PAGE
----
When Should the Questions be Asked?  Analyst “information gathering” should be part of the normal qualification process and the sales cycle as a whole. It is “Sales 101” to ask questions like “Do you have budget?” “What is your timeframe?” and “Are you the decision maker?” during the qualification process. It is very easy to include a few more questions on the role of the analysts in the project such as “Do you work with any of the analyst firms?” or “Have you considered the opinions of any IT industry analysts?” Also remember, even after the sales cycle is moving along it is important to periodically refresh the information because the tech buyers could be exposed to new written research or obtain new recommendations over the phone from analysts.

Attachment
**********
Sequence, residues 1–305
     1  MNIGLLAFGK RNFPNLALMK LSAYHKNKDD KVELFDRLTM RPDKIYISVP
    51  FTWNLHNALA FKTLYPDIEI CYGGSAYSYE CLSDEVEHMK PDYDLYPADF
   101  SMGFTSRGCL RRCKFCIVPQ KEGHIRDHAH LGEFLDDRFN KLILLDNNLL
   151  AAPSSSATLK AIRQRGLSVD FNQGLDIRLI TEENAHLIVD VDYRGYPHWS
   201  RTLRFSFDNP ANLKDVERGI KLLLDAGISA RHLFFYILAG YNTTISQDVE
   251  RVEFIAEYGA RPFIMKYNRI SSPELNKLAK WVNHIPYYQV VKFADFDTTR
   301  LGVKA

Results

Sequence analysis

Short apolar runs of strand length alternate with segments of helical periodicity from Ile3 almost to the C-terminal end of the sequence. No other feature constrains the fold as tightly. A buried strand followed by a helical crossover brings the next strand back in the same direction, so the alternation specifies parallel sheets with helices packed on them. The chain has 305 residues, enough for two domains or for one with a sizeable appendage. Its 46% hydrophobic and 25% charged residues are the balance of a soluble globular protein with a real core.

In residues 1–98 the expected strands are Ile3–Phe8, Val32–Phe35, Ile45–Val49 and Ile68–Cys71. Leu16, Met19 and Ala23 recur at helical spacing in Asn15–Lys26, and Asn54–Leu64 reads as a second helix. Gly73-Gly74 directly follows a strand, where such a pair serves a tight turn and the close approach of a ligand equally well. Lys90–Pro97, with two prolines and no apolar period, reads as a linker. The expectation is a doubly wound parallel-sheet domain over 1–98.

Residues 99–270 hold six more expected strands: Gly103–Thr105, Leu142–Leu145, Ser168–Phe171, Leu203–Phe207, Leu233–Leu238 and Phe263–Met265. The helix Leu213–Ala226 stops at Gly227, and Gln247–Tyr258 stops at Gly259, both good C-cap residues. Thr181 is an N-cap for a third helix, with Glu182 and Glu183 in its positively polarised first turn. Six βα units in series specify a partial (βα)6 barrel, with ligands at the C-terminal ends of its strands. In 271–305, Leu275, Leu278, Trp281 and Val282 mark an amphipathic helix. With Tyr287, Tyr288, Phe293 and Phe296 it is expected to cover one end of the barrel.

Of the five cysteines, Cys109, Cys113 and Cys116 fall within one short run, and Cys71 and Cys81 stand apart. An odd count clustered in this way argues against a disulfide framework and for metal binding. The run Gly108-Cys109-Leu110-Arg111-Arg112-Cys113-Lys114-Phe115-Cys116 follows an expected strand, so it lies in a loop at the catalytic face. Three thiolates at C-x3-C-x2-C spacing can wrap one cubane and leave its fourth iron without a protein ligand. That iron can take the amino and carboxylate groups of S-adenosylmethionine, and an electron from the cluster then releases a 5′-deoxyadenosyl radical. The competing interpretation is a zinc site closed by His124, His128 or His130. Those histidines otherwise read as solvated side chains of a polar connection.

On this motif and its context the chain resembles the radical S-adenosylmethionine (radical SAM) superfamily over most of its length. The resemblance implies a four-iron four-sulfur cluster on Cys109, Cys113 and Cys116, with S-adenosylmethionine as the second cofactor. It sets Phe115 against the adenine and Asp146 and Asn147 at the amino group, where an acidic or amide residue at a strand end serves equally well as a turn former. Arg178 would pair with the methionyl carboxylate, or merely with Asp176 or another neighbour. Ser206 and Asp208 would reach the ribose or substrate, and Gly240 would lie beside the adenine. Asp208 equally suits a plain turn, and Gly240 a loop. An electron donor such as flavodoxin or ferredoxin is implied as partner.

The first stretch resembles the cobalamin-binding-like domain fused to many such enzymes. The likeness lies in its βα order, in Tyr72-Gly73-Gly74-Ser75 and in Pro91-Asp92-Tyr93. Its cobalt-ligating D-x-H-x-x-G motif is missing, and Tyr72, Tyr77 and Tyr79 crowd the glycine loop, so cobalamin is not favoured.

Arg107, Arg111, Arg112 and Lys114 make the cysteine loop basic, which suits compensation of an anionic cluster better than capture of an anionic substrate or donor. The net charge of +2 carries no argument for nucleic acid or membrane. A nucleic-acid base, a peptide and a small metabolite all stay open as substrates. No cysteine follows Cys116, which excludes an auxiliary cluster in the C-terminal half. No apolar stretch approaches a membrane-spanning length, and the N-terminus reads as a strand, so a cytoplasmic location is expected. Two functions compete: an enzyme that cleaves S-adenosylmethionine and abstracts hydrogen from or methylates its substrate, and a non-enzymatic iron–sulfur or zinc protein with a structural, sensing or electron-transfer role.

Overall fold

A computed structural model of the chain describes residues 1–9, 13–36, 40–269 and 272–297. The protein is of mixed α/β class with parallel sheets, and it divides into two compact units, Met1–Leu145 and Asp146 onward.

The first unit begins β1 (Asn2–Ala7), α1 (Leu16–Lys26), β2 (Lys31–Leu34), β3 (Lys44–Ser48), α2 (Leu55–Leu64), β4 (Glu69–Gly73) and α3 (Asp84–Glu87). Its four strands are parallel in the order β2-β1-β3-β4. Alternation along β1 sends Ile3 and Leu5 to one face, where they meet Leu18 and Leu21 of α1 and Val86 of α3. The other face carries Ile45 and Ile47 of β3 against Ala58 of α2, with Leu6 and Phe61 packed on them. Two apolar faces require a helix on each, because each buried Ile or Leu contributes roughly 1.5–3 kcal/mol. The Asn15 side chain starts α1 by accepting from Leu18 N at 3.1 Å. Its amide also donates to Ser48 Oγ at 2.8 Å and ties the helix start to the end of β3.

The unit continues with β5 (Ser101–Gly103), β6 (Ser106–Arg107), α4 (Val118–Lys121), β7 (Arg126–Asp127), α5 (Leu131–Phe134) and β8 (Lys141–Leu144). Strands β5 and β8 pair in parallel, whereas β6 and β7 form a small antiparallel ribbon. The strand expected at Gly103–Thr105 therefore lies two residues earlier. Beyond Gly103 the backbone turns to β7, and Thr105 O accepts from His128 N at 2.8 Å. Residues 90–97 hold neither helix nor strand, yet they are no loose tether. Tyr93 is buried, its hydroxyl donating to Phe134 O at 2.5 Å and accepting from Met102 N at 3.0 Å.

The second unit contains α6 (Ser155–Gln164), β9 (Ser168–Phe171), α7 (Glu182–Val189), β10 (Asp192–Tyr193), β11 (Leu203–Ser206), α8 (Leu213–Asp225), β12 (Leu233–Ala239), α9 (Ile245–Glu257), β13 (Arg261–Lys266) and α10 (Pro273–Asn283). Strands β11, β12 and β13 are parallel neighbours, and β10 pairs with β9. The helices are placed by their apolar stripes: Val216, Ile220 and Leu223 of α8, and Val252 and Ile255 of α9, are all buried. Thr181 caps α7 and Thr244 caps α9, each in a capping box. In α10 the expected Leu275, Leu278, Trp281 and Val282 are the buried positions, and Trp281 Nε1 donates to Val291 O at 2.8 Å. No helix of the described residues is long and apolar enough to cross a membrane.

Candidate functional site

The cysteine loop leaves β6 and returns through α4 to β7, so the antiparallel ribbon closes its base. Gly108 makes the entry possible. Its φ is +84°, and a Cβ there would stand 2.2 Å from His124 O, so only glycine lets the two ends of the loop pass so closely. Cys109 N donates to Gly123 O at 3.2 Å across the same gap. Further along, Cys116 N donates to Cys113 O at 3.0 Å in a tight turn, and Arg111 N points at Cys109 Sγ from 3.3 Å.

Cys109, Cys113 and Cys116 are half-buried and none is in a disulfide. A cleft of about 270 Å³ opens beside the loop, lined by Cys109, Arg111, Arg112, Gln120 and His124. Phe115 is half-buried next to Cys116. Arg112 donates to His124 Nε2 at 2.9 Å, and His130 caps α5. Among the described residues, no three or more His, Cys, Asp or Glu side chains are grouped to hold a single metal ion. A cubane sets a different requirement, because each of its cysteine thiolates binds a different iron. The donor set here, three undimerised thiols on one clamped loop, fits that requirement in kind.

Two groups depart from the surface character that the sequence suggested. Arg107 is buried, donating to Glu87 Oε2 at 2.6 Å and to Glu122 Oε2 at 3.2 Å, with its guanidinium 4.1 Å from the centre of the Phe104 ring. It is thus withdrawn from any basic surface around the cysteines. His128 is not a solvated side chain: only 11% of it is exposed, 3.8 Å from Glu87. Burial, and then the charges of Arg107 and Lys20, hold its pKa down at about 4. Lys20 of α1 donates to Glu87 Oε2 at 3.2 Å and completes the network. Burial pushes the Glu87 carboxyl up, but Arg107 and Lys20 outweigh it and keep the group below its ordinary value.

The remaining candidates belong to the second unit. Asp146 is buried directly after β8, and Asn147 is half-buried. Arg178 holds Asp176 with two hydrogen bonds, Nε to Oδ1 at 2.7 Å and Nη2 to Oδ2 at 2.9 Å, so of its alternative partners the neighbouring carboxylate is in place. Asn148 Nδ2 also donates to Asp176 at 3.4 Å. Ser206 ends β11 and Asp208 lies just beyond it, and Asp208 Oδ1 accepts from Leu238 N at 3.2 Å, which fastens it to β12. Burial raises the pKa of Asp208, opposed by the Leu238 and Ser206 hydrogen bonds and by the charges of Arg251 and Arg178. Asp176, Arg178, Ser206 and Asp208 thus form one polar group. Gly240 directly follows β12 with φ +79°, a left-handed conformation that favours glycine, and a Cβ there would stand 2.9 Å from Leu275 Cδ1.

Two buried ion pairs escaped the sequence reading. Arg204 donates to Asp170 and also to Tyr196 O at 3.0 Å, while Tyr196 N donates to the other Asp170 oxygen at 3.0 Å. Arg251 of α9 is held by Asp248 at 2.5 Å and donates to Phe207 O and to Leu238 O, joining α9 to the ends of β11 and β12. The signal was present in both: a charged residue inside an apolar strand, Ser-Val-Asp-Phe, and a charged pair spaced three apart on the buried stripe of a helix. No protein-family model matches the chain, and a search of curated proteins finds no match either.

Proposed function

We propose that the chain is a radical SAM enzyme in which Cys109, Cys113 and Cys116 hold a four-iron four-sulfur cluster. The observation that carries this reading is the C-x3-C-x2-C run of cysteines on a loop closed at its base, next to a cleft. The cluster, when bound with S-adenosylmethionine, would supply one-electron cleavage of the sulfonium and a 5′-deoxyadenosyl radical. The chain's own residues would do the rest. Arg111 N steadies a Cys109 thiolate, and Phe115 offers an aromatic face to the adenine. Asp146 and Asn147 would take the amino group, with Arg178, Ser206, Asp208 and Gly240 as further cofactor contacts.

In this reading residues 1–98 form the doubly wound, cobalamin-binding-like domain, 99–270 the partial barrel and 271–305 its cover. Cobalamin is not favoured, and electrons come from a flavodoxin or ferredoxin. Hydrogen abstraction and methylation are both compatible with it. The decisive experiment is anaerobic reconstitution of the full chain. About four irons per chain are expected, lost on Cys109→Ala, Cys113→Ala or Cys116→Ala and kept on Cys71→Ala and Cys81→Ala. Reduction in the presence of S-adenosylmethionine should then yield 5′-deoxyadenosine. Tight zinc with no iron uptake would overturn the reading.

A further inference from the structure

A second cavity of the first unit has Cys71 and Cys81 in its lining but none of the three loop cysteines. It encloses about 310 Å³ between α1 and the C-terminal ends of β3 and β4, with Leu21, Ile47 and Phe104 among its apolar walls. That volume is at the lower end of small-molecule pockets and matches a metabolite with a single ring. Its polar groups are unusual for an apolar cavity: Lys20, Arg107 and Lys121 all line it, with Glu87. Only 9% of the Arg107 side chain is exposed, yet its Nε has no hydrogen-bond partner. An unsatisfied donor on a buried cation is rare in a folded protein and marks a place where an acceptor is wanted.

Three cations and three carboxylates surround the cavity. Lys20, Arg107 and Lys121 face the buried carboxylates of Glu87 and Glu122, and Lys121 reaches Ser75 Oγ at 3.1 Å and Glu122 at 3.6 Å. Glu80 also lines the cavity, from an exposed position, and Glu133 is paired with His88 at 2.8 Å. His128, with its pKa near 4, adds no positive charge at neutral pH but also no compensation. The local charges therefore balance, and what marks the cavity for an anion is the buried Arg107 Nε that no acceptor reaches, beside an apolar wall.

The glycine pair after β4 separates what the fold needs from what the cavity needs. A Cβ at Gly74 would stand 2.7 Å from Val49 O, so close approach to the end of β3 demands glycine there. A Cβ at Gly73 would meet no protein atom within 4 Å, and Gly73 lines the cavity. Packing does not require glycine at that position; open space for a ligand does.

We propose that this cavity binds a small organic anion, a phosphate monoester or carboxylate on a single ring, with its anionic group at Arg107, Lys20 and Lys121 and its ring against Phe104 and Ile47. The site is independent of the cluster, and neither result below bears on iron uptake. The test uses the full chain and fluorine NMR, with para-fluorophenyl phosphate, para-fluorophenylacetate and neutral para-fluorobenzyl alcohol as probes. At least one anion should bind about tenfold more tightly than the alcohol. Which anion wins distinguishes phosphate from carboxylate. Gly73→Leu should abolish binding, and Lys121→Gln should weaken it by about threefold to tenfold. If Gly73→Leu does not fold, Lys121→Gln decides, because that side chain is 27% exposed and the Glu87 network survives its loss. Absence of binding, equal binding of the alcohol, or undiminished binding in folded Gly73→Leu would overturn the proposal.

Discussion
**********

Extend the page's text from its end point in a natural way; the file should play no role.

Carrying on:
In a future post, we will provide additional sample questions the sales rep can ask prospects and customers.
 
BTW, any information gathered regarding the analysts’ impact on sales should be shared with your AR department. Finding out which analyst firms and analysts are valued by prospects and customers is valuable intelligence for sales, AR, and the company as a whole. In addition, AR can be of great assistance by providing sales with the tools (e.g., lists of positive and negative analysts) and services (e.g., assistance when an analyst has negatively impacted a sales opportunity) to help close deals.
  
Bottom Line: The earlier a vendor sales representative understands which analysts are advising their prospects, the better equipped the sales rep will be to exploit positive situations or put in measures to mitigate potential negative commentary from analysts.
 
Question:  For IT managers – Would you be willing to share this information with your vendor reps? For vendor sales reps – Are you comfortable asking for this information?  For AR – Do you have an active AR-sales partnership program in place?